Moskit missile at MAKS, Zhukovskiy, 1999
|Place of origin||Soviet Union|
|Used by||Soviet Union, Russia, China|
|Weight||4,500 kg (9,900 lb)|
|Length||9.745 m (31.97 ft)|
|Diameter||0.8 m (2.6 ft)|
|Warhead||320 kg (710 lb) explosive or 120 kt of TNT fission-fusion thermonuclear|
|Engine||Four ramjets (solid fuel rocket on air-to-surface version)|
|Wingspan||2.10 m (6.9 ft)|
|120 km (75 mi)|
|Flight altitude||20 m (66 ft) above sea level|
|naval ships, fixed-wing aircraft|
The P-270 Moskit (Russian: П-270 «Москит»; English: Mosquito) is a Russian supersonic ramjet powered cruise missile. Its GRAU designation is 3M80, and its NATO reporting name is SS-N-22 Sunburn. The missile system was designed by the Raduga Design Bureau during the 1970s as a follow up to the "SS-N-9 Siren". The Moskit was originally designed to be ship-launched, but variants have been adapted to be launched from land (modified trucks), underwater (submarines) and air (reportedly the Sukhoi Su-33, a naval variant of the Sukhoi Su-27), as well as on the Lun-class ekranoplan. The missile can carry conventional and nuclear warheads.
The exact classification of the missile is unknown, with varying types reported. This uncertainty is due to the secrecy surrounding an active military weapon. The Moskit is one of the missiles known by the NATO codename SS-N-22 Sunburn. It reaches a speed of Mach 3 at high altitude and Mach 2.2 at low-altitude. This speed is triple the speed of the subsonic American Harpoon. When slower missiles, like the Harpoon or the French Exocet are used, the maximum theoretical response time for the defending ship is 120 to 150 seconds.
This long response time provides time to launch countermeasures and employ jamming before deploying "hard" defense systems such as missiles and close-in weapon systems. But the high speed of the 3M82 "Mosquito" missiles reduce the maximum theoretical response time for the defending ship to 25 to 30 seconds. This short response time makes jamming and countermeasures very difficult, and firing missiles and quick-firing artillery even more difficult. The Moskit was designed to be employed against smaller NATO naval groups in the Baltic Sea (Danish and German) and the Black Sea (Turkish) and non-NATO vessels in the Pacific (Japanese, South Korean, etc.), and to defend the Russian mainland against NATO amphibious assault.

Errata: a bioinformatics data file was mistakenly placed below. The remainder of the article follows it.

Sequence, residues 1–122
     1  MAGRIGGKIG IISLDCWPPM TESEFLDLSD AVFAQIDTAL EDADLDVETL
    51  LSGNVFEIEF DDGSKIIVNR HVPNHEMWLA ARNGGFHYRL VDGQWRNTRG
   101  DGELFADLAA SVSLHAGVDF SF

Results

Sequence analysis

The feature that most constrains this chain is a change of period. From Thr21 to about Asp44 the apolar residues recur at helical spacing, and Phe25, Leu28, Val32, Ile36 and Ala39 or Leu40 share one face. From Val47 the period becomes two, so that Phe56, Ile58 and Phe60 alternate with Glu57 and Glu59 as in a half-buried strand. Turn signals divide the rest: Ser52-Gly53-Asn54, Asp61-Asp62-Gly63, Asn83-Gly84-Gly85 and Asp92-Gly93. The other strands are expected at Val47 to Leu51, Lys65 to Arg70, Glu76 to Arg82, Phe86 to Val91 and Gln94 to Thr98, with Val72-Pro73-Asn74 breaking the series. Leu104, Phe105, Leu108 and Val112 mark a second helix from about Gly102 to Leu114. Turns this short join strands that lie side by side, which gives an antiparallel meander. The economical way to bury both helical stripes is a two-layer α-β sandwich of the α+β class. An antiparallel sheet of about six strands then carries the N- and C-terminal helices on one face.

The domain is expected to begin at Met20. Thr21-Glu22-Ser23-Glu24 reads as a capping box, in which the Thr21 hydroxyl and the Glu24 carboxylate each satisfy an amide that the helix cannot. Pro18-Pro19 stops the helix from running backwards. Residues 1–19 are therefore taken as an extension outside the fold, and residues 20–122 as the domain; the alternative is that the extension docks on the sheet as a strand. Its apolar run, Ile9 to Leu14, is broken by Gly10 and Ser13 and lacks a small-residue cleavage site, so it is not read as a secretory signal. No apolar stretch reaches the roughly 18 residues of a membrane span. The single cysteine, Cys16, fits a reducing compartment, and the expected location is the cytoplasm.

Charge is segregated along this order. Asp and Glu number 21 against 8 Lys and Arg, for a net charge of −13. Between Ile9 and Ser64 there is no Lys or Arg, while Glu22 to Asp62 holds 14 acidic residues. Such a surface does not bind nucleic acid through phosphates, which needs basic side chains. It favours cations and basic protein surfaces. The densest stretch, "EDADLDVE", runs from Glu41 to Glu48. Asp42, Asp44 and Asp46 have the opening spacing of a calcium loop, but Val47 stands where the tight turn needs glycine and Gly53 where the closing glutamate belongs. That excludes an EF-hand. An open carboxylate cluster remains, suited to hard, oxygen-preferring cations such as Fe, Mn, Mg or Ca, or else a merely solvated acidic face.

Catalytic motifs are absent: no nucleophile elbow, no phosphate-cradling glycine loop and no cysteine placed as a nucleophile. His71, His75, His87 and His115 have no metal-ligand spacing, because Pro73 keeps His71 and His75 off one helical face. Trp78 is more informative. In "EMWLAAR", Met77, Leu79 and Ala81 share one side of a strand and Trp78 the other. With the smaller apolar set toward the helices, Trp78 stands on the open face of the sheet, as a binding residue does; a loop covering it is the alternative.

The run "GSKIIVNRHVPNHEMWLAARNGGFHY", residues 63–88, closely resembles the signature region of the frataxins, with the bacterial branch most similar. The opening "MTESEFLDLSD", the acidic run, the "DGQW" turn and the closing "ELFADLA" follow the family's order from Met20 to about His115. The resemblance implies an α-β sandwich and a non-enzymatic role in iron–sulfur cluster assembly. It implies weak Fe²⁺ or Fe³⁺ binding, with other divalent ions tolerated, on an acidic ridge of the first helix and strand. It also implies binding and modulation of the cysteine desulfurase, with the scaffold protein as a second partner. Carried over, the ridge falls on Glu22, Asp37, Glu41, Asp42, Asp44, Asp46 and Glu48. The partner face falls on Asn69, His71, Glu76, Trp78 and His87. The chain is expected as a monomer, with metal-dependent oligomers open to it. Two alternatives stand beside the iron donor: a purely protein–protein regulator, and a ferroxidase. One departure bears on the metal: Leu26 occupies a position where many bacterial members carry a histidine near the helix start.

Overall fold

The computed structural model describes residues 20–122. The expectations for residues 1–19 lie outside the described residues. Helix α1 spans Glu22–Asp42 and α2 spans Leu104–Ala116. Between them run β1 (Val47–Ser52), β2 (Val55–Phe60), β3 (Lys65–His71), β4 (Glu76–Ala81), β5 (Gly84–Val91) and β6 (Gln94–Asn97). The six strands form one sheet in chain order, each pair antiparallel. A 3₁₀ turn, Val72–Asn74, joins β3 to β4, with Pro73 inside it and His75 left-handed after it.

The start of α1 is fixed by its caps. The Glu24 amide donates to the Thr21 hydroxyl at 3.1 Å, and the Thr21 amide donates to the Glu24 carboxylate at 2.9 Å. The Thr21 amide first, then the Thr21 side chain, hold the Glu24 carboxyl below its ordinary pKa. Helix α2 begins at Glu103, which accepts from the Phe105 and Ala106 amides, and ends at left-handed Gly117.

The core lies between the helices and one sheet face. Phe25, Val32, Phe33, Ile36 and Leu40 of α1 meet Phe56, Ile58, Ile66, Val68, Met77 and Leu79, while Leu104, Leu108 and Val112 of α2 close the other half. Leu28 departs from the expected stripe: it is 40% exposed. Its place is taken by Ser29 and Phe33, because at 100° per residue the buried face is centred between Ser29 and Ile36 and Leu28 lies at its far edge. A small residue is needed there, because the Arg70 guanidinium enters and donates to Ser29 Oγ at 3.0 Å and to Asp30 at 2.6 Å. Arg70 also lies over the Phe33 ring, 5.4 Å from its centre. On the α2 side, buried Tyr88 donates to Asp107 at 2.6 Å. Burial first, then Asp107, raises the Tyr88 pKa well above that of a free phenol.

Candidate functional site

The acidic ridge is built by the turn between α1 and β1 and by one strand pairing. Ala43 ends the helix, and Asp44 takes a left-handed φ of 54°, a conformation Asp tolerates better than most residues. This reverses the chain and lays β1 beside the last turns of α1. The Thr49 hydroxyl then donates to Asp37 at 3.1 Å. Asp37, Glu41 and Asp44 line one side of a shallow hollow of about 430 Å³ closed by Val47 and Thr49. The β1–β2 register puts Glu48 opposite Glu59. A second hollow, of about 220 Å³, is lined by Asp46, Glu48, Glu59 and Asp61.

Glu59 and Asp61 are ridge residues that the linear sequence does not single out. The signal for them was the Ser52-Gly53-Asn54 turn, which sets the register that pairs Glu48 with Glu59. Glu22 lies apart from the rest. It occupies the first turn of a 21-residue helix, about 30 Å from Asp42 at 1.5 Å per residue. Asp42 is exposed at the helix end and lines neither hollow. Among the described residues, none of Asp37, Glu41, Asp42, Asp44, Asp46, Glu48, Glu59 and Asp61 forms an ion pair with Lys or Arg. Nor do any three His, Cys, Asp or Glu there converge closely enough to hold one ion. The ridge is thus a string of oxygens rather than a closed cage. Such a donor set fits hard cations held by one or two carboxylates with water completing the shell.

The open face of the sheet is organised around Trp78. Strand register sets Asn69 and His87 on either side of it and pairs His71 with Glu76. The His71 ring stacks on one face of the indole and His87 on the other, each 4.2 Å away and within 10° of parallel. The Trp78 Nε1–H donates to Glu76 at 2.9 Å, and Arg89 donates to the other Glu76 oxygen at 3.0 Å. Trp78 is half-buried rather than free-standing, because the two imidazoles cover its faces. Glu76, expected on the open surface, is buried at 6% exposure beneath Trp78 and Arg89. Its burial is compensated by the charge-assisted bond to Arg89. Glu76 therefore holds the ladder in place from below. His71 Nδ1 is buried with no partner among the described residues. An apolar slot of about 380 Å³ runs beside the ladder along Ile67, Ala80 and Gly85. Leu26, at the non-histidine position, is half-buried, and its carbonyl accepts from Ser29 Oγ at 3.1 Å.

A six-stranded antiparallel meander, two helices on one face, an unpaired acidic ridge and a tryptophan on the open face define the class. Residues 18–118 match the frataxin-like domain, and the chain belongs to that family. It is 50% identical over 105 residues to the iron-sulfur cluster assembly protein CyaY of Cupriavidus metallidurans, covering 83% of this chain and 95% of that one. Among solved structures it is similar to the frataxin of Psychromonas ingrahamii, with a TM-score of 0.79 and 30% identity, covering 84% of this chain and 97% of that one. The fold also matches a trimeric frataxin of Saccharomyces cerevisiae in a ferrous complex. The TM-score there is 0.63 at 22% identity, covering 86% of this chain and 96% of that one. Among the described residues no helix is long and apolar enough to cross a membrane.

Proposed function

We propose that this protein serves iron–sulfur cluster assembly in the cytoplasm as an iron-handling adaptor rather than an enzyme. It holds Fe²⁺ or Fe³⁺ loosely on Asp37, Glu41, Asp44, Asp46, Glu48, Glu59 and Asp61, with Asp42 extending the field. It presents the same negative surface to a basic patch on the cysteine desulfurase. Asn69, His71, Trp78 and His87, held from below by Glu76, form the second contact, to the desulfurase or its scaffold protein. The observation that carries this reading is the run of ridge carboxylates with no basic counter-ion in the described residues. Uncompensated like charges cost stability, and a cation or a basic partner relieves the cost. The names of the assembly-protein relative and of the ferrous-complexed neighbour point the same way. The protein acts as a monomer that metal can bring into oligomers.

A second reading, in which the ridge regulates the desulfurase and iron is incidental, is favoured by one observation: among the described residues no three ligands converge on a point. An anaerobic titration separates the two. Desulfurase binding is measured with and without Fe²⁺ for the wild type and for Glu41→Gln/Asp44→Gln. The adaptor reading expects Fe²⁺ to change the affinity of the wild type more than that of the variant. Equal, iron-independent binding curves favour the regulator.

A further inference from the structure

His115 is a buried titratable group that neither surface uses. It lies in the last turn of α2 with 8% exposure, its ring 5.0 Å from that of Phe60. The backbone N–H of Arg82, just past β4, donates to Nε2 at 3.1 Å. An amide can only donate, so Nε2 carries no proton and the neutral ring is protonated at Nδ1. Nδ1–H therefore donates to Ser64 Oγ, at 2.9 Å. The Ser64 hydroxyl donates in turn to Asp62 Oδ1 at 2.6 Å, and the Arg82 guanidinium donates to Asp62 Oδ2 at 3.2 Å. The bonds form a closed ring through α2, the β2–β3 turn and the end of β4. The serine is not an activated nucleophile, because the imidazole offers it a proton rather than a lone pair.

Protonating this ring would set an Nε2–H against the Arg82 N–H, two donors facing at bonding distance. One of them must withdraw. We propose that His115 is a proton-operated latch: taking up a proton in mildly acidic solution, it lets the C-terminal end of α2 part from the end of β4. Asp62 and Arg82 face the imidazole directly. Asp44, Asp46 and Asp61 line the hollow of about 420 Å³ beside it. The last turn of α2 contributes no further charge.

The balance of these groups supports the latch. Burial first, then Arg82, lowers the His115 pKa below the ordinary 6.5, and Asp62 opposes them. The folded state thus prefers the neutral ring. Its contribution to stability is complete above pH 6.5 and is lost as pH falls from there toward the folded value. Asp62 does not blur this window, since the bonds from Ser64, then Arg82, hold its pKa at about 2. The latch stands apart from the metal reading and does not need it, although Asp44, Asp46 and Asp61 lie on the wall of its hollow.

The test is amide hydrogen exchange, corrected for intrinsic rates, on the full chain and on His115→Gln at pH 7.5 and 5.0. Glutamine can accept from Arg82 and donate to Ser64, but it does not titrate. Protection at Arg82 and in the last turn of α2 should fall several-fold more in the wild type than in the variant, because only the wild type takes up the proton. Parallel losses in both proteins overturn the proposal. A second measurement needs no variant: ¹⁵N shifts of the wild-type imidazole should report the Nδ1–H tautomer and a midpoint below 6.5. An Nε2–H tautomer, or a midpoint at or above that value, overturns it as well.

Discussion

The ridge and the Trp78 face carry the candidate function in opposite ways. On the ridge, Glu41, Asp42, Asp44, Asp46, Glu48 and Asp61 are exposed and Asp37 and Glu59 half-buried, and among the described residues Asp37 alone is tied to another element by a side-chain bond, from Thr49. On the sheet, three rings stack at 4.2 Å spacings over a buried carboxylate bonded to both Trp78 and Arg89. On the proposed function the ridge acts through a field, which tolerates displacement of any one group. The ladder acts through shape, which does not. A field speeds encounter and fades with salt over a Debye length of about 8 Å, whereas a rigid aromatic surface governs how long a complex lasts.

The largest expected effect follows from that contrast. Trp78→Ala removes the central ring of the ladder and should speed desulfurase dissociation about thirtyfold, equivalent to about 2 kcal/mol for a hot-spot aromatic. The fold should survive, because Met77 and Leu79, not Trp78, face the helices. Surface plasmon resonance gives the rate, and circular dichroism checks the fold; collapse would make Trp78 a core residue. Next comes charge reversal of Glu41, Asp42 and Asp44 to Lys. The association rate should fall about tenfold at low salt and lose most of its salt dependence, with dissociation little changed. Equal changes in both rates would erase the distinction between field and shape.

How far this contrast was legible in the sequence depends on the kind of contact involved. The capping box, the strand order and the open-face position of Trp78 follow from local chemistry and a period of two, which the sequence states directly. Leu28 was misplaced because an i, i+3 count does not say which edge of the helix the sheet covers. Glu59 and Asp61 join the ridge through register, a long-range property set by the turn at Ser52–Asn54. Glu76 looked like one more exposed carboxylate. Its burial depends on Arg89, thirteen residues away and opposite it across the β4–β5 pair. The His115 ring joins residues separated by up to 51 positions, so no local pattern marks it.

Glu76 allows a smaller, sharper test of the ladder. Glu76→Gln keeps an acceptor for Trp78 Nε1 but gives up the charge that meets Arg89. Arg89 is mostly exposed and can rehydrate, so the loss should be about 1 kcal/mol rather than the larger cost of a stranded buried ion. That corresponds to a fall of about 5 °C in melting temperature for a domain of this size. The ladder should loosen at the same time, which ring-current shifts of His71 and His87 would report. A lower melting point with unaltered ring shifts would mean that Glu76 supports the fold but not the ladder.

Variants of the missile have been designated 3M80M, 3M82 (Moskit M). The P-270 designation is believed to be the initial product codename for the class of missile, with the Russian Ministry of Defense GRAU indices (starting with 3M) designating the exact variant of the missile. The 3M80 was its original model. The 3M80M model (also termed 3M80E for export) was a 1984 longer range version of the missile, with the latest version with the longest range being the 3M82 Moskit M. The ASM-MSS / Kh-41 variant is the air-launched version of the missile.
- Launch range:
- min: 10 km
- max:(3M-80E/3M-80E1) 120/100 km
- Missile flight speed: 2,800 km/h
- Missile cruising altitude: 20 m
- Launch sector relative to ship’s lateral plane, ang.deg: ±60
- Launch readiness time:
- From missile power-on till first launch: 50 seconds
- From combat-ready status: 11 seconds
- Inter-missile launch time (in a salvo): 5 seconds
- Launch weight:
- 3M-80E missile 4,150 kg
- 3M-80E1 missile 3,970 kg
- Warhead type: penetrator
- Warhead weight: 300 kg
- Length: 9.385 m
- Body diameter: 0.8 m
- Wing span: 2.1 m
- Folded wing/empennage span: 1.3 m
- "Moskit / SS-N-22 Sunburn". Retrieved 1 October 2014.
- DTIG: Russian Soviet Naval Missiles
- "eDefense - Detect. Decide. Shoot. Survive.". Retrieved 1 October 2014.
- FAS report
- Global Security report
- Moskit Online Photoalbum from BSF
- DTIG.org report (PDF)
- "Asia’s Advanced Precision Guided Munitions" (PDF)
- Missile analysis (PDF)